A cross sectional study for utilisation of antenatal care services and its association to birth weight of babies in a tertiary care centre in Western India

Priyanka D. Jogia, Kaushik K. Lodhiya


Background: Low birth weight is a major public health problem in India. Amongst several factors affecting birth weight, the two crucial factors are demographic characteristics of mothers and utilisation of antenatal care services. Identification of these bottlenecks will help in forming suitable strategies to mitigate the problem of low birth weight in developing countries.

Methods: This was a cross-sectional study conducted in a medical college hospital of Gujarat. All the mothers admitted in maternity ward for delivery during July 2017 and had given informed consent, were involved in the study. Interview consisted of demographic characteristic of mothers, utilisation of antenatal services and records of pregnancy outcome. Data were entered in excel 2010 and analysed using Epi info 7.2. Strength of association between LBW and risk factors was obtained using odds ratio test.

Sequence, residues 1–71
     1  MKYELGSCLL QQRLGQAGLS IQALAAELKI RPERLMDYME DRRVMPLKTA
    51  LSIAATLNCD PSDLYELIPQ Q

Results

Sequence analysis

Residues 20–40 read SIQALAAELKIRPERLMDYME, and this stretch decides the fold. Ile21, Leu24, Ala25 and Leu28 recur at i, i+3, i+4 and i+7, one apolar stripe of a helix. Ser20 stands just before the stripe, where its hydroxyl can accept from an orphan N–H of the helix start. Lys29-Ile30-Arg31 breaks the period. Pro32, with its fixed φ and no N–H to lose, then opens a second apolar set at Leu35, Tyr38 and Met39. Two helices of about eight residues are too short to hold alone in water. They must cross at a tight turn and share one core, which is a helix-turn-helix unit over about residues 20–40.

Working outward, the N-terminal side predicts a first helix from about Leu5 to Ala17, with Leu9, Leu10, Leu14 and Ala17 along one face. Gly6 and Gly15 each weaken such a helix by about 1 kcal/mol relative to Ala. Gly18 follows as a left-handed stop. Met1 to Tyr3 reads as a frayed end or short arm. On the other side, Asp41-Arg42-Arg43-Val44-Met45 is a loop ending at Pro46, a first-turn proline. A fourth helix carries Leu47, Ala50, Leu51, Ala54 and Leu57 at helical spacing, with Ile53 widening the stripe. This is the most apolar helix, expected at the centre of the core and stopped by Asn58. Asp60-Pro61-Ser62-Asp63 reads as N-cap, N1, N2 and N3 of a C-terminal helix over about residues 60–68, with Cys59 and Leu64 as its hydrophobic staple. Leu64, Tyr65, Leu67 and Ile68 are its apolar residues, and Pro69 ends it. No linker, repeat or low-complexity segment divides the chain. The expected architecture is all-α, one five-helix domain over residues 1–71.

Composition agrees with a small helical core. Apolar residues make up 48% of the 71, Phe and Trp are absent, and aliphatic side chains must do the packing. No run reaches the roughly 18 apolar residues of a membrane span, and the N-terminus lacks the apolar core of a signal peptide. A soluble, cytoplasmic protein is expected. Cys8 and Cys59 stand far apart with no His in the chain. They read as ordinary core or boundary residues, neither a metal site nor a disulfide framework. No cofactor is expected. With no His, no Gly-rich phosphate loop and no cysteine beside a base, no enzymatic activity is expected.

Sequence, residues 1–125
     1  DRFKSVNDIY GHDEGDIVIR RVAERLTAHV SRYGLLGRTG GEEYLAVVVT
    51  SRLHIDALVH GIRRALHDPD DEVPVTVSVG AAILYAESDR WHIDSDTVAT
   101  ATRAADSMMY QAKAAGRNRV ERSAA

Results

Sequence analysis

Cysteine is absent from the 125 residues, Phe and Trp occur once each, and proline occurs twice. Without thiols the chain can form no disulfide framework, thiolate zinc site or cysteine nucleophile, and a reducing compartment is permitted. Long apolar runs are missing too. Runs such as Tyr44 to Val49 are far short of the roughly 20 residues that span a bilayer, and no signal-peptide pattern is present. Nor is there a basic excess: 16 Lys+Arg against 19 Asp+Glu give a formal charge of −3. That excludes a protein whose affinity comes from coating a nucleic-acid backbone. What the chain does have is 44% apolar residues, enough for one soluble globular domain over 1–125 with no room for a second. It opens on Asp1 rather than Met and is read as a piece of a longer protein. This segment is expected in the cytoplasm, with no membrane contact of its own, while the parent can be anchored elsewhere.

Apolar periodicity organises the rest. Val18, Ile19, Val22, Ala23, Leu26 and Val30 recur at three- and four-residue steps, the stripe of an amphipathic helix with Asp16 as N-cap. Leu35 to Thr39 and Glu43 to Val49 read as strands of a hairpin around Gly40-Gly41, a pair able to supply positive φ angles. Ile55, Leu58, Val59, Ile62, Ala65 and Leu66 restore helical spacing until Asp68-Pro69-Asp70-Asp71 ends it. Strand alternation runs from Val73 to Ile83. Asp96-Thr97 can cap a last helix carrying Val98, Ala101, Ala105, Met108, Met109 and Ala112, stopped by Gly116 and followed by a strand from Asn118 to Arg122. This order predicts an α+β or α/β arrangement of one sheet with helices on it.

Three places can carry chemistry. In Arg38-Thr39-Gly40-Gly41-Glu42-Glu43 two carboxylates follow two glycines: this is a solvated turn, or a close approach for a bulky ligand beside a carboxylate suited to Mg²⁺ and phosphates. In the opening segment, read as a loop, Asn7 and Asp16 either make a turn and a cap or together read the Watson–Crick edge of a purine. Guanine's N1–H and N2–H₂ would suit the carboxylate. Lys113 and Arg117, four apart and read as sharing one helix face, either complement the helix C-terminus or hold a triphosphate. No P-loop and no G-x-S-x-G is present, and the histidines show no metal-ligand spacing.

Results: Majority of the mothers had registered for antenatal care within the first trimester (78%) and had taken minimum of four ANC visits (93%). One fifth (18%) of the mothers had babies weighing less than 2.5 kgs. Lower education status of mothers, multigravida, and mothers with less than four ANC visits, preterm births and female foetus were significantly at higher risk of low birth weight as compared to their counterparts.

Conclusions: The factors determining LBW were lower education status of mothers, multigravidity, inadequate ANC visits, preterm births and female sex of foetus. We recommend that increasing the education status of masses, particularly of females and ensuring adequate ANC utilisation will reduce the problem of LBW. 


Antenatal care, Low birth weight, Maternity care, Risk factors

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